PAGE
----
Boomers’ days are far from over
Although life for Alison Quigan is far from winding up, she is facing the realities of old age through her latest play.
Alison plays Genevieve alongside Mark Hadlow, who plays Barry, in Roger Hall’s latest show, Winding Up.
The pair are in their 70s and are facing the challenges of ill health, estranged family and the death of friends.
Winding Up is a continuation of Roger Hall’s play Conjugal Rites, where Gen and Barry faced a marital crisis.
“Now they are in retirement and they are facing end of life. Barry has leukaemia so they are trying to work out how to get to the next to stage to either wind things up or repair things,” says Alison.
“It's actually that journey between, I've received some really strong and difficult news and what happens next.
“It’s about facing the mature end of life, it turns out to be surprisingly sweet.”
Alison has played Gen as well as directing Conjugal Rites before, and has enjoyed rediscovering her character 30 years later.
“It’s really interesting re-discovering a particular character. I had to read whole swathes about the character again, like the fact that she's a lawyer, she's quite straightforward so she has a mind of her own.”
She says you can only rehearse so much because audience interaction for each performance will change how they act.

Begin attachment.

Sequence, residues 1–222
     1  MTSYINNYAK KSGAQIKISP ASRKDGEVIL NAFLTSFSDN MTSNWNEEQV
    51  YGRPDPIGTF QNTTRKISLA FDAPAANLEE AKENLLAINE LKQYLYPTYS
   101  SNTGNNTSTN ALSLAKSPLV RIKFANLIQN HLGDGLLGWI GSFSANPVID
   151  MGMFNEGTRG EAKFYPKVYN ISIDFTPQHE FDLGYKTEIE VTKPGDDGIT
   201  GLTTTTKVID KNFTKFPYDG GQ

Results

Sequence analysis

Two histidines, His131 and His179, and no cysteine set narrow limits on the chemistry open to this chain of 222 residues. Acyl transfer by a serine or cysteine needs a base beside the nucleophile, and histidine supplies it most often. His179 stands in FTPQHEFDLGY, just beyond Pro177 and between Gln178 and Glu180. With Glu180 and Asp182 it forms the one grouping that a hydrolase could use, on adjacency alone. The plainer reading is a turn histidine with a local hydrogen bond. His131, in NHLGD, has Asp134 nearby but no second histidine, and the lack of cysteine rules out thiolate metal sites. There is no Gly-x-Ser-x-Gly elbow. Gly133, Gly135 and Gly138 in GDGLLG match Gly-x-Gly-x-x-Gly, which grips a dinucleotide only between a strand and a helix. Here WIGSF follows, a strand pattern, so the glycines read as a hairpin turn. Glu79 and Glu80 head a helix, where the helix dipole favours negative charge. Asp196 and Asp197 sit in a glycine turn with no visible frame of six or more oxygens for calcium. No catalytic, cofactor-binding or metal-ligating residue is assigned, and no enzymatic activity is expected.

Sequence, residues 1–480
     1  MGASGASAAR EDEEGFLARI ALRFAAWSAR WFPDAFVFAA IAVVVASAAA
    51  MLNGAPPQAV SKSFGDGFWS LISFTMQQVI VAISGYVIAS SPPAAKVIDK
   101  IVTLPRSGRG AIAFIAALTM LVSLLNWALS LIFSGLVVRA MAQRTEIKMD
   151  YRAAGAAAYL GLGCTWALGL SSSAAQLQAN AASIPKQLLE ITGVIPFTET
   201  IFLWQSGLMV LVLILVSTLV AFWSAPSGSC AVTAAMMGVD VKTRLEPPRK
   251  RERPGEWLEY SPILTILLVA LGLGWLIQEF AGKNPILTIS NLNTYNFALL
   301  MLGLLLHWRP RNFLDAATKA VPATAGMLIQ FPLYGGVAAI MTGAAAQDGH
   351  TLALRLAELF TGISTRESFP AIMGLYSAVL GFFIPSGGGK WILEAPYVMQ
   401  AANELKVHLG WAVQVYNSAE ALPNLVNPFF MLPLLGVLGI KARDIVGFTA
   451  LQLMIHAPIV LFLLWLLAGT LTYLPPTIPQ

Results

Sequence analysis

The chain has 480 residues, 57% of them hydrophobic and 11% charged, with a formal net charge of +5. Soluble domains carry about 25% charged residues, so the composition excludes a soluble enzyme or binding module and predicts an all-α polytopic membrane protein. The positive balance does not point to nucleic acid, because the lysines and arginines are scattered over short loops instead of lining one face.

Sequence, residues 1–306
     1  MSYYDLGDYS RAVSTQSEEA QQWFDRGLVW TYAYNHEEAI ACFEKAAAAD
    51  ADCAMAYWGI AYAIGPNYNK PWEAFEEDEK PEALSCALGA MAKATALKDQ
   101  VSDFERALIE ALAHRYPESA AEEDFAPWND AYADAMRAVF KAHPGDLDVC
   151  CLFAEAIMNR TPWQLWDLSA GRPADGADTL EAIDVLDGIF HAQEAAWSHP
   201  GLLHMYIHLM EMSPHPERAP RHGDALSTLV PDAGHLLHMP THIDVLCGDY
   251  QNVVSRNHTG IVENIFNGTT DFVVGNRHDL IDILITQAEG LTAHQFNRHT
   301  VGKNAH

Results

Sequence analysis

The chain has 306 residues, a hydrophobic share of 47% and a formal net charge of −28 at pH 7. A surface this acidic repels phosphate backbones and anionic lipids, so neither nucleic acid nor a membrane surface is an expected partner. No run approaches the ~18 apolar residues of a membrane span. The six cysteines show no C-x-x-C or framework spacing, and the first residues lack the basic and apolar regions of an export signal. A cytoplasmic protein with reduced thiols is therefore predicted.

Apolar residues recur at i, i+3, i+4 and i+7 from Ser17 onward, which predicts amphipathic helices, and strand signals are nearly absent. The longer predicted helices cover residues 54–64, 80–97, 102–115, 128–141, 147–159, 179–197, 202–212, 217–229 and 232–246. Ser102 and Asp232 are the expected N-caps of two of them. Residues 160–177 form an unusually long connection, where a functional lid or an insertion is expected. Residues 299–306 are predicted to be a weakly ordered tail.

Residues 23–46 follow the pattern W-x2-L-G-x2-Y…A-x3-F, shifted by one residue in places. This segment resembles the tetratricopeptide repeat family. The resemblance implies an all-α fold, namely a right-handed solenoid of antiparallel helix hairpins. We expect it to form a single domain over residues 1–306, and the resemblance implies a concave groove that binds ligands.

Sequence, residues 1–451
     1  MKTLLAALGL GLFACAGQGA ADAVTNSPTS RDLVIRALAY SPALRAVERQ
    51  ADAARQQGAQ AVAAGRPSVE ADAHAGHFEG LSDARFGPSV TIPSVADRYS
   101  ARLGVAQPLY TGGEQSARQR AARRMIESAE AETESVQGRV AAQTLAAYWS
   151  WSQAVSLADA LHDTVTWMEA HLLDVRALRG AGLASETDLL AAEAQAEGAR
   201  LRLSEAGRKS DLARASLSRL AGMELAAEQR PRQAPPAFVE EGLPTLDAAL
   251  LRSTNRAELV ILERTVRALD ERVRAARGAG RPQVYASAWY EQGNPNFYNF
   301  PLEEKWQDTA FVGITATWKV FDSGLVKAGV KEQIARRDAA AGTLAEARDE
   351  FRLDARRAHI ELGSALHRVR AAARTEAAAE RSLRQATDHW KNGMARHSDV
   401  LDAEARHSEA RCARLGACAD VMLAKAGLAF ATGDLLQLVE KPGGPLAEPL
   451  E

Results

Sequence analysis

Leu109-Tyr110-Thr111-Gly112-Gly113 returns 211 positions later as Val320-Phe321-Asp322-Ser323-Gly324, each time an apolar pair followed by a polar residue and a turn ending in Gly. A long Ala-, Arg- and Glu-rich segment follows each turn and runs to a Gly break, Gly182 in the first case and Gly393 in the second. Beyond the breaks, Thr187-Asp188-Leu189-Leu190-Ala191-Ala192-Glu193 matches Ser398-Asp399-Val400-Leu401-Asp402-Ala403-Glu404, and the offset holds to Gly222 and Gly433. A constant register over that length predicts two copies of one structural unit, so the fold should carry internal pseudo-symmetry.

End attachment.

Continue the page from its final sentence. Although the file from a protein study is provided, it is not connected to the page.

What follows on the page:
“The audience brings a huge amount to it, and they do that with every single play because that's the point of live theatre is that you watch it and the rest of the audience informs the response.”
Although the play is about two baby boomers Alison says it has wide audience appeal.
“There are things that I thought might've been a bit close to the bone, actually the audience is loving.
“It's just silly things like getting up out of a chair without grunting.”
The former Shortland Street actor jokes that working with Mark is just terrible.
“I adore him, we trained together in 1978, and we actually haven't worked together that much because of being in different parts of the country or different parts of the world because he's been so famous.
“Mark does theatre as well as film and television, he has appeared in Mortal Engines, The Hobbit trilogy and King Kong.”
Alison says as a performer, she prefers theatre but she enjoyed working on Shortland Street because of the relationships she developed with cast and crew.
“When I got used to Shortland Street, and it took a while, I really enjoyed the process and I enjoyed the team that worked around us.
“It's always about the crew that surrounds you, and so with television the thing I missed when I was not working there all the time, I did miss the crew because you get really close to them.
“With Winding Up, we couldn't do it without our stage management because they literally force us into clothes and out of clothes between scenes. If you saw the performance backstage, you would be amazed.”
The Tauranga performances of Winding Up are on March 25 and 26 at the Baycourt Community and Arts Centre and Alison says it will be bitter sweet because they’re finishing their tour here.
“Tauranga is really special because at Baycourt they really support the performers incredibly.
“We'll be finishing our tour there so it'll be quite sad too.”
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